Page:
John Frayne: BACH deserves big bravo for 'Judas Maccabeus'

John Frayne: BACH deserves big bravo for 'Judas Maccabeus'

On Sunday, the Baroque Artists of Champaign-Urbana performed George Frideric Handel's famous oratorio "Judas Maccabeus" in Smith Recital Hall.

This work, written in 1746, four years after "Messiah," is one of a series of Handel's works in the oratorio form after his career as a composer of Italian opera in London had petered out by the end of the 1730s. Its subject is drawn from the Apocrypha of the Bible (First Book of the Maccabees) and the historian Josephus.

The oratorio celebrates the exploits of Judas Maccabeus, who conquered the Syrians, and consecrated the temple in Jerusalem in 165 B.C. after its profanation, and thus inspired the festival of "Hannukah."

Although set in the second century B.C., Handel and his librettist Thomas Morell were also celebrating the return in 1746 of the Duke of Cumberland after his victory against the Jacobite Uprising ("Bonnie Prince Charlie") at the battle of Colloden in Scotland that year. The first and highly successful performance of this oratorio was in April 1747, and it remained one of Handel's most favored works for some time.

BACH's performance was a joyous and uplifting occasion, highly suitable to end a musical season. The solo singers all gave very strong performances.

The diction of baritone Ricardo Herrera as Simon and tenor Lee Steiner as Judas were crystal clear, and their singing had high dramatic impact.

Christopher Holman, counter tenor, sang with lovely nuances in his voice the solos of Israelite Man. The lovely soprano voice of Kathy Linger was heard affectingly in the more pathetic airs of this work. Stephen L. Larson was forceful as Messenger, and Audrey Vallance excelled in her solo passages.

The chorus of BACH sang with splendid enthusiasm Handel's choral passages, ranging from lovely melodies, to dense contrapuntal passages, to the mighty choruses that ended each of the oratorio's three acts.

The numbers for children were affectingly sung by members of the Central Illinois Children's Chorus, who were sensitively conducted below the stage by Andrea Solya.

The instrumentalists of BACH contributed important obbligato accompaniments to the solo arias, particularly cellist Amy Flores, and organist Jonathan Young. Trumpeters Tracy Parish and Jeremy McBain, along with timpanist William Moersch gave that special tang of Baroque splendor to the climactic passages.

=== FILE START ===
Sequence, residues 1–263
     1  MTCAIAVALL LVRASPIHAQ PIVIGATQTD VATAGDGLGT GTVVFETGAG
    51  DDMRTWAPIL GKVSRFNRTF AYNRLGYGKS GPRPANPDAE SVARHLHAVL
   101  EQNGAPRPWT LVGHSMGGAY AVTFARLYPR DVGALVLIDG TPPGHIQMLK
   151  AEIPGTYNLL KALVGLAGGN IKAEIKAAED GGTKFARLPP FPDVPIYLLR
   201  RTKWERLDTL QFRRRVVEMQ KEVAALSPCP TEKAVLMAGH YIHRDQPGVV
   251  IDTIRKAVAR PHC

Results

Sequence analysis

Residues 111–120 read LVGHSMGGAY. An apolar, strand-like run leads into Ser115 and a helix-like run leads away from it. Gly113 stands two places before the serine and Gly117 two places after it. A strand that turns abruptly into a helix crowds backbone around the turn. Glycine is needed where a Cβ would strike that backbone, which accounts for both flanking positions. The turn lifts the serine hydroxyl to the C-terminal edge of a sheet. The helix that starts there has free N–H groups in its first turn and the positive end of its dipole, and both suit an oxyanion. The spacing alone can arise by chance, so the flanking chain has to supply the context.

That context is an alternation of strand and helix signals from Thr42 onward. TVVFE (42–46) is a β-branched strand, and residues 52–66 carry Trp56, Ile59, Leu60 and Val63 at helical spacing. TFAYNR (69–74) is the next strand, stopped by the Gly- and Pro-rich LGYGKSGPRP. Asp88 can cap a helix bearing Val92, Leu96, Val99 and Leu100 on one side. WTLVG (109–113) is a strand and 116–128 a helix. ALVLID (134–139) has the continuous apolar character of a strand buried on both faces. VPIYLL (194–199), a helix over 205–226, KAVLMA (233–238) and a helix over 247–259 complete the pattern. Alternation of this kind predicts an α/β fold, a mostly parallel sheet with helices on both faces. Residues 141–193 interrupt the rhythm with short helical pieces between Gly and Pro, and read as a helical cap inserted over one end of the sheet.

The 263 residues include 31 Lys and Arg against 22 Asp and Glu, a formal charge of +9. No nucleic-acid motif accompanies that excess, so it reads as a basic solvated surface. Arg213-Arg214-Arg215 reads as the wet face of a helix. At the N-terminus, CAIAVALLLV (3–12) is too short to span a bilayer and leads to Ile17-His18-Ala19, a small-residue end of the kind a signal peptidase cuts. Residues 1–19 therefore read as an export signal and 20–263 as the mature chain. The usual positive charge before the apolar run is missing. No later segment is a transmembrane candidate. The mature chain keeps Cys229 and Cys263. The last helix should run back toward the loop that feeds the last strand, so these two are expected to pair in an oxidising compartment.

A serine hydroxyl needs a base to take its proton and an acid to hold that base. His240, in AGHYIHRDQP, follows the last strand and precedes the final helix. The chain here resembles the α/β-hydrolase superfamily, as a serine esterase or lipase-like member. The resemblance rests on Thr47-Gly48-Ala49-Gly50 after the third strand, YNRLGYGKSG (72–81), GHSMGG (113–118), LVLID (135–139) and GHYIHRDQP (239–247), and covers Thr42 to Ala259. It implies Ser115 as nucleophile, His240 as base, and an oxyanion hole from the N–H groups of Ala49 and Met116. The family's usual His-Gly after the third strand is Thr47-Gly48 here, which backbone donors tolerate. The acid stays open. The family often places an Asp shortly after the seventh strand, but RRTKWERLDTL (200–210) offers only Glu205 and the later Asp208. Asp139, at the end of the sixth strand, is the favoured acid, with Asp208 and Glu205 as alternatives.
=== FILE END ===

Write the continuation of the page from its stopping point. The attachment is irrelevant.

There was no mistaking the climax of the evening. It came near the ending of Act III as the childrens' chorus voices intoned the famous melody of "See the conquering hero come!"

Here Handel shows the master's hand. Trumpets softly join in, then Linger and Christopher Holman and then, in the final magnificent stroke, the full chorus proclaims loudly the great melody. It all seems so perfect.

Perhaps it might be better not to know that this climactic "See, the conquering hero comes" was not in the original performance, but was lifted from the oratorio "Joshua" (1748), along with other numbers, to freshen up "Judas Maccabeus" in revivals in succeeding years.

A final bravo should go to Chester Alwes for organizing this festive performance and forcefully leading this resplendent concert.

I recently saw part of the Metropolitan Opera's production of Handel's opera "Giulio Cesare" in the HD movie presentation. My reactions to Handelian opera and oratorio are quite different. The long procession of "da capo" arias in Handel's operas make my eyelids droop.

It is the great choruses in his oratorios which make the big difference for me. They add tonal variety and contrast to the unfolding dramatic tension of the oratorios, an element which I find lacking in the operas.

In any case, for Sunday's reading of "Judas Maccabeus," a well-deserved bravo to all the performers of this BACH performance.

John Frayne hosts "Classics of the Phonograph" on Saturdays at WILL-FM and, in retirement, teaches at the University of Illinois. He can be reached at

Topics (1):Music

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